Another person told the investigators that Nestlé and Unilever have about completed developing a nano-emulsion-based ice cream that has a lower fat content but retains its texture and flavor.



The Ultimate Secret Ingredient

Nearly 20 of the world's largest food manufacturers, among them,

  • Nestlé

  • Hershey

  • Cargill

  • Campbell Soup

  • Sara Lee

  • H.J. Heinz,

...have their own in-house nano-labs, or have contracted with major universities to do nano-related food product development.


But they are not eager to broadcast those efforts.


[UPDATE: Campbell's spokesman Anthony Sanzio says his company does not have a nanotechnology program, but adds "We would be irresponsible to ignore it."]

A team in Munich, the House of Lords investigators also learned, is using nano-nonstick coatings to make it easier to get the last drops of ketchup out of the bottle.

Kraft was the first major food company to hoist the banner of nanotechnology.


Spokesman Richard Buino, however, now says that while,

"we have sponsored nanotech research at various universities and research institutions in the past," Kraft has no labs focusing on it today.

The stance is in stark contrast to the one Kraft struck in late 2000, when it loudly and repeatedly proclaimed that it had formed the Nanotek Consortium with engineers, molecular chemists and physicists from 15 universities in the U.S. and abroad.


The mission of the team was to show how nanotechnology would completely revolutionize the food manufacturing industry, or so said its then-director, Kraft research chemist Manuel Marquez.

But by the end of 2004, the much-touted operation seemed to vanish.


All mentions of Nanotek Consortium disappeared from Kraft's news releases and corporate reports.

"We have not nor are we currently using nanotechnology in our products or packaging," Buino added in another e-mail.


Industry Tactics Thwart Risk Awareness

The British government investigation into nanofood strongly criticized the U.K.'s food industry for,

"failing to be transparent about its research into the uses of nanotechnologies and nanomaterials."

On this side of the Atlantic, corporate secrecy isn't a problem, as some FDA officials tell it.

Investigators on Capitol Hill say the FDA's congressional liaisons have repeatedly assured them - from George W. Bush's administration through President Barack Obama's first year - that the big U.S. food companies have been upfront and open about their plans and progress in using nanomaterial in food.

But FDA and USDA food safety specialists interviewed over the past three months stressed that based on past performance, industry cannot be relied on to voluntarily advance safety efforts.

These government scientists, who are actively attempting to evaluate the risk of introducing nanotechnology to food, say that only a handful of corporations are candid about what they're doing and collaborating with the FDA and USDA to help develop regulations that will both protect the public and permit their products to reach market.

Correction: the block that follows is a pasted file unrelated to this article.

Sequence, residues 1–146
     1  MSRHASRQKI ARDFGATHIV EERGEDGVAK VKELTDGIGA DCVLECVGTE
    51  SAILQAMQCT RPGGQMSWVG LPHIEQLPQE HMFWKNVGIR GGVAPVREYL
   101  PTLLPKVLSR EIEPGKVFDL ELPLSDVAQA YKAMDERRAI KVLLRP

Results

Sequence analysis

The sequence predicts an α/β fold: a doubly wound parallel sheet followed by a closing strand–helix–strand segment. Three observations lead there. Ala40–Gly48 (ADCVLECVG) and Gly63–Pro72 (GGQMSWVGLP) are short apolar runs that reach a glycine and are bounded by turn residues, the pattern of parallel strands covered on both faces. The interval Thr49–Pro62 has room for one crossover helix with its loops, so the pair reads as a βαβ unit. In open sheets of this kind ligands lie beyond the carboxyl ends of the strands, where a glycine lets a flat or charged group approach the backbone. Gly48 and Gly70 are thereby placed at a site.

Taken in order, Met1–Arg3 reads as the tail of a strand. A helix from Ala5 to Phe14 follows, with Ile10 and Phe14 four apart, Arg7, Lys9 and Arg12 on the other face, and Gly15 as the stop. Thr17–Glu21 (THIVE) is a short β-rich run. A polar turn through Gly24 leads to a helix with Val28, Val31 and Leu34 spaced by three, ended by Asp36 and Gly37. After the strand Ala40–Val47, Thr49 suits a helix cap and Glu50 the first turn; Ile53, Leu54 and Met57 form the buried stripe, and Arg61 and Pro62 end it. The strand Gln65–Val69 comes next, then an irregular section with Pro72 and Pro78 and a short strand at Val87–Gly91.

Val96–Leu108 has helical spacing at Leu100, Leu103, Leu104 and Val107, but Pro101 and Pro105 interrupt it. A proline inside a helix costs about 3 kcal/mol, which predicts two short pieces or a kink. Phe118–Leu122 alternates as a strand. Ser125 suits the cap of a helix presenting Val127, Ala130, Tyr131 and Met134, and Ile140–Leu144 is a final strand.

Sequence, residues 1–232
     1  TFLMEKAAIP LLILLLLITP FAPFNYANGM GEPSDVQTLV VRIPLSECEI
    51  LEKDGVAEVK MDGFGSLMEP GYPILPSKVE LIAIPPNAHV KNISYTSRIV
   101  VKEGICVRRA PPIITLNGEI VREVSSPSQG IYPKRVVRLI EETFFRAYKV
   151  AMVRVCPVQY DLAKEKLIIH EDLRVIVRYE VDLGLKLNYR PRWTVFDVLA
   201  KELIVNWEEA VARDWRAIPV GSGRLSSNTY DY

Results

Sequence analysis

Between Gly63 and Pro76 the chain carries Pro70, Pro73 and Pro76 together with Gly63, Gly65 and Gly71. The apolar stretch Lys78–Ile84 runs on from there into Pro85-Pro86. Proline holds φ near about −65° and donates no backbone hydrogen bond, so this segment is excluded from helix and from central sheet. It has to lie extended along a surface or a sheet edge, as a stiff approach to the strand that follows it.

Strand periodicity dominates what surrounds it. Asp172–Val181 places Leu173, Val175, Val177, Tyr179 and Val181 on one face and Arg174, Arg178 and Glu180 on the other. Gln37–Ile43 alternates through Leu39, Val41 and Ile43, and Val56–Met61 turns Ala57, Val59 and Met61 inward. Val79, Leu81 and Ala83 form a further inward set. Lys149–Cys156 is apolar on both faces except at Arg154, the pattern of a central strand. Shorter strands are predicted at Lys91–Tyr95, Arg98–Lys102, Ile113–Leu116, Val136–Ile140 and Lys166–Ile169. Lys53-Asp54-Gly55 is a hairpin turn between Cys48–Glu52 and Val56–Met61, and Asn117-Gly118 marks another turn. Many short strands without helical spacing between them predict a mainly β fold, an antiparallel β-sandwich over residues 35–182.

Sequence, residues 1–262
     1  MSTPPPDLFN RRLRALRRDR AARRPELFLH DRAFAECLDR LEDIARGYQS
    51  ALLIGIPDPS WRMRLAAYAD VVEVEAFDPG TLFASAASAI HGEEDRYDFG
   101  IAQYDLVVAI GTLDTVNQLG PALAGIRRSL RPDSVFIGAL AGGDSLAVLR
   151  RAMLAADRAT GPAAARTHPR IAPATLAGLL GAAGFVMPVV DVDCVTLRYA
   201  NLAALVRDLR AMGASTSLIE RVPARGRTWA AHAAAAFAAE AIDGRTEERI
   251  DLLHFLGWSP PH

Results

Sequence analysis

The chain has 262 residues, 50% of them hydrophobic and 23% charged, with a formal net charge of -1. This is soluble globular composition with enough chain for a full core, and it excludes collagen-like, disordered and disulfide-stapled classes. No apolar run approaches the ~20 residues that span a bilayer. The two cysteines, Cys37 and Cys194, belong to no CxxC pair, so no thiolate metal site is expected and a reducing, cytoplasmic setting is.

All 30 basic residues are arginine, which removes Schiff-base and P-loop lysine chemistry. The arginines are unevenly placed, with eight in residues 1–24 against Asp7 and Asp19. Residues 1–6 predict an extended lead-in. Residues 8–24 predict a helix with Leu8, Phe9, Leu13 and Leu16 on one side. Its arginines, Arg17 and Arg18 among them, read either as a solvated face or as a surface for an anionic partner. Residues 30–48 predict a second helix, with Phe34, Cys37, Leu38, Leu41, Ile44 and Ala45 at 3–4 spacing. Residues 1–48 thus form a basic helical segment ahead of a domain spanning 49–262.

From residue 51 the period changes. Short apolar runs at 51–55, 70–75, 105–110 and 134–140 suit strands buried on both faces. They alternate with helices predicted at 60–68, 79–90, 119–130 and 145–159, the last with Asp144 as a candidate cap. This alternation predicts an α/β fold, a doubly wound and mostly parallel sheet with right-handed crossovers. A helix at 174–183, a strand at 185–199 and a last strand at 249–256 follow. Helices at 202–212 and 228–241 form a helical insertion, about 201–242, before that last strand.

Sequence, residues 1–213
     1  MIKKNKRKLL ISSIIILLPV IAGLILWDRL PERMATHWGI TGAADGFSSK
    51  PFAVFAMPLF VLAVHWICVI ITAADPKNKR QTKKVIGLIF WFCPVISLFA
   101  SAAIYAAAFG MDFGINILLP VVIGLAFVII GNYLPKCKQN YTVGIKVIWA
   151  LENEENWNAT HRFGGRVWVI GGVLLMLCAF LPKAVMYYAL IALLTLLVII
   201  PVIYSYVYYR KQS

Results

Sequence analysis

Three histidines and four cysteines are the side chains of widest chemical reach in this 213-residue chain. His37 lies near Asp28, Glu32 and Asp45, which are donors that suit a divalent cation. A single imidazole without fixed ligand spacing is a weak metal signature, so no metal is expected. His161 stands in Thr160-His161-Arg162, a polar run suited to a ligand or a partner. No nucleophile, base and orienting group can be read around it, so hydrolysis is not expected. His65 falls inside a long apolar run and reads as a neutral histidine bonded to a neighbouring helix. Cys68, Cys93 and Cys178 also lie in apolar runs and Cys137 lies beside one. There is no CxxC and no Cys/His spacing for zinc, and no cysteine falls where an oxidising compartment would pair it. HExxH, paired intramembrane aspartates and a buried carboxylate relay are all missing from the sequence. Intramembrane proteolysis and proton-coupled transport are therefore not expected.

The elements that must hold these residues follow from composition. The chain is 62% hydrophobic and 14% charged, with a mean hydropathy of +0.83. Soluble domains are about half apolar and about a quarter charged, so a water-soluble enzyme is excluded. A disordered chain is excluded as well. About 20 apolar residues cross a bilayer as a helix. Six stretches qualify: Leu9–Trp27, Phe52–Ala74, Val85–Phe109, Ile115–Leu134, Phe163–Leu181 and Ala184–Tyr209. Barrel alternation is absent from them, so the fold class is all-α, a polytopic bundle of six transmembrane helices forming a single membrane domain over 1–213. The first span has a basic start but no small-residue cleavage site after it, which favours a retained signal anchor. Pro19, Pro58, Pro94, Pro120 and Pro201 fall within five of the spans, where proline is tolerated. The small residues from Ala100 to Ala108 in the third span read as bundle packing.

Most companies, the government scientists add, submit little or no information unless forced.


Even then, much of the information crucial to evaluating hazards - such as the chemicals used and results of company health studies - is withheld, with corporate lawyers claiming it constitutes confidential business information.

Both regulators and some industry consultants say the evasiveness from food manufacturers could blow up in their faces.


As precedent, they point to what happened in the mid-'90s with genetically modified food, the last major scientific innovation that was, in many cases, force-fed to consumers.

"There was a lack of transparency on what companies were doing. So promoting genetically modified foods was perceived by some of the public as being just profit-driven," says Professor Rickey Yada of the Department of Food Science at the University of Guelph in Ontario, Canada.

"In retrospect, food manufacturers should have highlighted the benefits that the technology could bring as well as discussing the potential concerns."


Eating Nanomaterials Could Increase Underlying Risks

The House of Lords' study identified "severe shortfalls" in research into the dangers of nanotechnology in food.


Its authors called for funding studies that address the behavior of nanomaterials within the digestive system.


Similar recommendations are being made in the U.S., where the majority of research on nanomaterial focuses on it entering the body via inhalation and absorption.

The food industry is very competitive, with thin profit margins.


And safety evaluations are very expensive, notes Bernadene Magnuson, senior scientific and regulatory consultant with risk-assessment firm Cantox Health Sciences International.

"You need to be pretty sure you've got something that's likely to benefit you and your product in some way before you're going to start launching into safety evaluations," she explains.

Magnuson believes that additional studies must be done on chronic exposure to and ingestion of nanomaterials.

One of the few ingestion studies recently completed was a two-year-long examination of nano-titanium dioxide at UCLA, which showed that the compound caused DNA and chromosome damage after lab animals drank large quantities of the particles in their water.

Meat cooler at grocery store

Sono-Tek, a company based in Milton, N.Y., employs nanotechnology in its industrial sprayers.

"One new application for us is spraying nanomaterial suspensions onto biodegradable plastic food wrapping materials to preserve the freshness of food products," says its chairman and CEO.

It is widely known that nano-titanium dioxide is used as filler in hundreds of medicines and cosmetics and as a blocking agent in sunscreens.


But Jaydee Hanson, policy analyst for the Center for Food Safety, worries that the danger is greater,

"when the nano-titanium dioxide is used in food."

Ice cream companies, Hanson says, are using nanomaterials to make their products "look richer and better textured."